The recession-induced decline of undocumented migration from Mexico appears to have stopped in the first half of 2012 amid tentative signs of a renewed northbound flow, according to new data from the Border Survey of Mexican Migration (EMIF) administrated by El Colegio de la Frontera Norte.
The survey data, consistent with other indicators cited in this report, show that the number of undocumented migrants heading into the United States declined steadily for four years starting at the beginning of 2008 but that the pace slowed in 2011 and then reversed. In the first two quarters of 2012, the border survey registered annual gains in the undocumented flow for the first time since the onset of the Great Recession.
Although the numbers are still small and the time frame is short, the survey data from 2012 suggest that the overall flow of migrants from Mexico to the United States has substantially adjusted to the combined effects of the economic downturn, heightened U.S. immigration enforcement efforts, and a wave of criminal violence in Mexico’s border region. More Mexicans are coming north and fewer of those already in the United States are heading back south, according to an analysis of the survey data that is supported by indicators drawn from official sources.
With indicators pointing to a stable or increasing northbound flow and a decreasing southbound flow, the data available through mid-2012 suggest that the net flow could move into positive territory again with any uptick of demand in the U.S. labor market.
Operating since 1993, the Border Survey of Mexican Migration is the oldest continuous research program tracking original data on the number of people crossing the U.S.-Mexico border legally or illegally. Click here for more information on the survey. The Encuesta sobre Migración en la Frontera Norte de México (EMIF) is conducted in selected border-crossing points and at airports in the interior of Mexico by El Colegio de la Frontera Norte (COLEF), a government-funded social science research institution whose main campus is in Tijuana. EMIF’s data collection is sponsored by COLEF and several ministries and agencies of the Mexican federal government.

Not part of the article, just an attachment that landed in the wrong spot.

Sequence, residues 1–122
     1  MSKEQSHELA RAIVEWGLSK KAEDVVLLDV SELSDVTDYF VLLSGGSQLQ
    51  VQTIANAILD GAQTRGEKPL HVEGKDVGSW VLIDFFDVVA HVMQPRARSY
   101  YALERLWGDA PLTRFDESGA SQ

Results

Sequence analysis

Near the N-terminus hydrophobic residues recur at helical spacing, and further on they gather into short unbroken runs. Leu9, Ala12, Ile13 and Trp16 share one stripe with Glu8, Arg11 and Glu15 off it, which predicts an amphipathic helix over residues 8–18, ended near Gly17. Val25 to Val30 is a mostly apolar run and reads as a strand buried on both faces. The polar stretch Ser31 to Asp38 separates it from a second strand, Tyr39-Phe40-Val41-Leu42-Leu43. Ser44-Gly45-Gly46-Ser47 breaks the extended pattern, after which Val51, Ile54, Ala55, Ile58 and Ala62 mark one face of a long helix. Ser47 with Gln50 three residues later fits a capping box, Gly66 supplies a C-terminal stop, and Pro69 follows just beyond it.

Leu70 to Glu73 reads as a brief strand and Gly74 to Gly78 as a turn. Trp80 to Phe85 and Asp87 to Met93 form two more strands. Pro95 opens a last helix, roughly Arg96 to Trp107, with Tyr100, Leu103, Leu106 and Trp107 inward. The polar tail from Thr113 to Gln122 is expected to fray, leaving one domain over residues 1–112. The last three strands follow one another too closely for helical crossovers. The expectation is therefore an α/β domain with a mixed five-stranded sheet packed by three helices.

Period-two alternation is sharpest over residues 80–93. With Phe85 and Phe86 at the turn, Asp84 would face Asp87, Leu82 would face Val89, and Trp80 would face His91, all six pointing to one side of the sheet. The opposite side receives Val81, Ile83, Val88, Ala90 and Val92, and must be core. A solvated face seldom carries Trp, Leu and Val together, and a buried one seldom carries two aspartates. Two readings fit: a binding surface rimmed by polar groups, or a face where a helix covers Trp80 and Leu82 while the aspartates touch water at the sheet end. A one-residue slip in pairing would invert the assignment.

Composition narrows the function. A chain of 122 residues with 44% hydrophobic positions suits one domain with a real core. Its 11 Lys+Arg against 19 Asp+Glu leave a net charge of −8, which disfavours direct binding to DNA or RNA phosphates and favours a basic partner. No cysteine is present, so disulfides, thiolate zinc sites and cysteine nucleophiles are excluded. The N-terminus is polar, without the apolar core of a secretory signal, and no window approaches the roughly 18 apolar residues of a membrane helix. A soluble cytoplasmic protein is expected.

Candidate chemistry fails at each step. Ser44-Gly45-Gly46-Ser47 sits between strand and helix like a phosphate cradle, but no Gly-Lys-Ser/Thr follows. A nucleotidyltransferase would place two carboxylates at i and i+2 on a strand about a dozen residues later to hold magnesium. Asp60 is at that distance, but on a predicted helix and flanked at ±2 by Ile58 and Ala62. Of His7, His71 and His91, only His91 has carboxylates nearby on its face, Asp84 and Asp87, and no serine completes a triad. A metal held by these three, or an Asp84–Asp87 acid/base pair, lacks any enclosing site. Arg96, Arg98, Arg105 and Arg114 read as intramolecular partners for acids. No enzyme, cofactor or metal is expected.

In this report we are primarily concerned with changes in the size of migration flows over time, and the border survey is particularly valuable in this regard because the methodology has been repeated consistently over many years. Our intent is to depict trends in the volume of migration that will show increases or decreases in the flow of, for example, how many Mexicans entered the United States, across several years. Moreover, EMIF’s sampling design allows flows to be tracked by calendar quarters. Annual comparisons for the same quarter allow analyses that account for seasonal variations in the flow. Conducted in Mexico by Mexican interviewers, the survey asks northbound respondents whether they are crossing into the United States legally or not.
Definition of EMIF’s Flows
- Northbound Flow to the United States: Survey respondents who are Mexican-born individuals 15 years of age or older, arriving at Mexico’s northern border region who reported that they intend to cross to the United States and are not residents of Mexican border cities or the United States.
- Southbound Flow from the United States: Survey respondents who are Mexican-born individuals 15 years of age or older, leaving Mexico’s northern border region who reported working or making their home in the United States or visiting for more than a month for other purposes such as visiting relatives.
Unauthorized migrants almost uniformly travel in search of work, and the contraction of the U.S. labor market has coincided with a major decline in that flow. Since the first quarter of 2008, unauthorized flows from Mexico to the United States posted 16 straight quarters of decreasing volume on an annualized basis, according to data from the Border Survey of Mexican Migration. The pace of decline began to slow in the second half of 2010, and in the first two quarters of 2012 the flow marked small gains compared with the previous year.